But the commission is not the only means to maximize this long-awaited opportunity to change Humanae Vitae. Further evidence can be seen in what appears to be a four-year concerted attempt to marginalize the teachings of Pope St. John Paul II, who led the resistance to a relativistic interpretation of the encyclical.
As archbishop of Krakow, Poland, Karol Wojtyla contributed to the commission that drafted the document (although he was unable to take part personally due to the communists’ travel restrictions) and strove to uphold the Church’s teaching in the document by emphasizing personalism (seeing man as a person rather than an object) with the natural law.
His teachings ever since formed a bulwark against the dissenters. Most notably they include his 1981 apostolic exhortation Familiaris Consortio (The Role of the Christian Family in the Modern World) and his theology of the body catecheses — both attempts to provide an anthropological foundation and explanation for the encyclical’s teaching. Perhaps even more significant was his 1993 encyclical Veritatis Splendor (The Splendor of Truth), which for the first time presented Catholic moral doctrine in a systematic and formal way, firmly rejecting any relativist interpretation of an intrinsically evil act (an action that is always morally wrong, regardless of its particular circumstances), such as use of artificial contraception.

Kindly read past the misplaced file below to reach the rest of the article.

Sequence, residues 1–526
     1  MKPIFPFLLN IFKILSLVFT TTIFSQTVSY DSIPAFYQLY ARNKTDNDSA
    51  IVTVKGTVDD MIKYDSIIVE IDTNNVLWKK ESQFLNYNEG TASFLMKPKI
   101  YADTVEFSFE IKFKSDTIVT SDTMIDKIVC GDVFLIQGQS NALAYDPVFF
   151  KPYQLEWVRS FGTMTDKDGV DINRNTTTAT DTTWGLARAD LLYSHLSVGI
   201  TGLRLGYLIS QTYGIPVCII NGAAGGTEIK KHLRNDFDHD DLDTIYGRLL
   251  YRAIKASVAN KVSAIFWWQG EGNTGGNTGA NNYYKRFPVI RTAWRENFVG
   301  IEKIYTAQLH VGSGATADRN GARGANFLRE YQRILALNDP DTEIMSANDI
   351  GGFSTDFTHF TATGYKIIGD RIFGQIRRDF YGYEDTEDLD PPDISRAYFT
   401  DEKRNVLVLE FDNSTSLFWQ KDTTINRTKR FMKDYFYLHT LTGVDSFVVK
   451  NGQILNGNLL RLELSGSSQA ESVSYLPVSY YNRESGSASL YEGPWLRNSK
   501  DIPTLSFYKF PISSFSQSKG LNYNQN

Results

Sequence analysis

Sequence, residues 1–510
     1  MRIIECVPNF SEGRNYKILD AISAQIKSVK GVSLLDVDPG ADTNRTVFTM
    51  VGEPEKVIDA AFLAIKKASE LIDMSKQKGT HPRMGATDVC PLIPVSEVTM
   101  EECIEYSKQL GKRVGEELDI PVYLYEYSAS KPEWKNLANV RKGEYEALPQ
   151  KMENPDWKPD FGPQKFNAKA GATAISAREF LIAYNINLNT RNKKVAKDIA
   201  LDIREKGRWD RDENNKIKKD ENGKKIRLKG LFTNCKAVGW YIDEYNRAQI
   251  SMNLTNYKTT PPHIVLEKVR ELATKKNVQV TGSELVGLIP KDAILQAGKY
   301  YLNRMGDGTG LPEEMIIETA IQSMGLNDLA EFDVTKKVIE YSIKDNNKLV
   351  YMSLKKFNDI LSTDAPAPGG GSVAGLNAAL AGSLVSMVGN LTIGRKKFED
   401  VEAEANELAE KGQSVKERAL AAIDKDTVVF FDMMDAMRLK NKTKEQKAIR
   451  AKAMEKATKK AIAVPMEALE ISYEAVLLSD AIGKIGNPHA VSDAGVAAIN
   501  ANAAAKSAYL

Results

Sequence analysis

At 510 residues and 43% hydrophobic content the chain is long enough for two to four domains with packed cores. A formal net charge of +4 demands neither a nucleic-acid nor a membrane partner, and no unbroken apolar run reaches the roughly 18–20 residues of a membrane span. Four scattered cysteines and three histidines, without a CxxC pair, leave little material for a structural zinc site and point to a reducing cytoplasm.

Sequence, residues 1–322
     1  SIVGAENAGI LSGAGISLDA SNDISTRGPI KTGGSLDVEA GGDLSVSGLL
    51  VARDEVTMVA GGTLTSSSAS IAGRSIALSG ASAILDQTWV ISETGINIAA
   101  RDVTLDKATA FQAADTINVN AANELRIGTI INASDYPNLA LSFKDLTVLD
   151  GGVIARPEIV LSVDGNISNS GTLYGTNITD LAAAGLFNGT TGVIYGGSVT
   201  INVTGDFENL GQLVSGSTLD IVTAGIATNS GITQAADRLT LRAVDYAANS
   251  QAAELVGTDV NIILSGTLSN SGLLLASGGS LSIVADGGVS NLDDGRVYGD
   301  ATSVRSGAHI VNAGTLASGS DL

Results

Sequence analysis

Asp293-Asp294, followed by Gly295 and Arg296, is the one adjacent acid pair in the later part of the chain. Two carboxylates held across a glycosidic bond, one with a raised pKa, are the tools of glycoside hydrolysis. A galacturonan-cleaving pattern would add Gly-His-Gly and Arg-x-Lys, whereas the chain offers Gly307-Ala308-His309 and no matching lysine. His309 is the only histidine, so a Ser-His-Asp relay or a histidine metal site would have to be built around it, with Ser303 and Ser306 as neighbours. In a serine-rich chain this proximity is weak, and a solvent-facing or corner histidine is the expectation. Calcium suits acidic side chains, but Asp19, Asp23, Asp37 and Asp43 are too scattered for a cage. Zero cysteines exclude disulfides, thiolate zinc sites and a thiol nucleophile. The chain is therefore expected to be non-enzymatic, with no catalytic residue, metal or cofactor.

The operation to marginalize John Paul II ahead of next year’s anniversary has been visible in two primary ways: First, by largely ignoring his teachings during the previous two synods to allow the kind of “paradigm shift” in the Church’s moral teaching that found its way into Amoris Laetitia.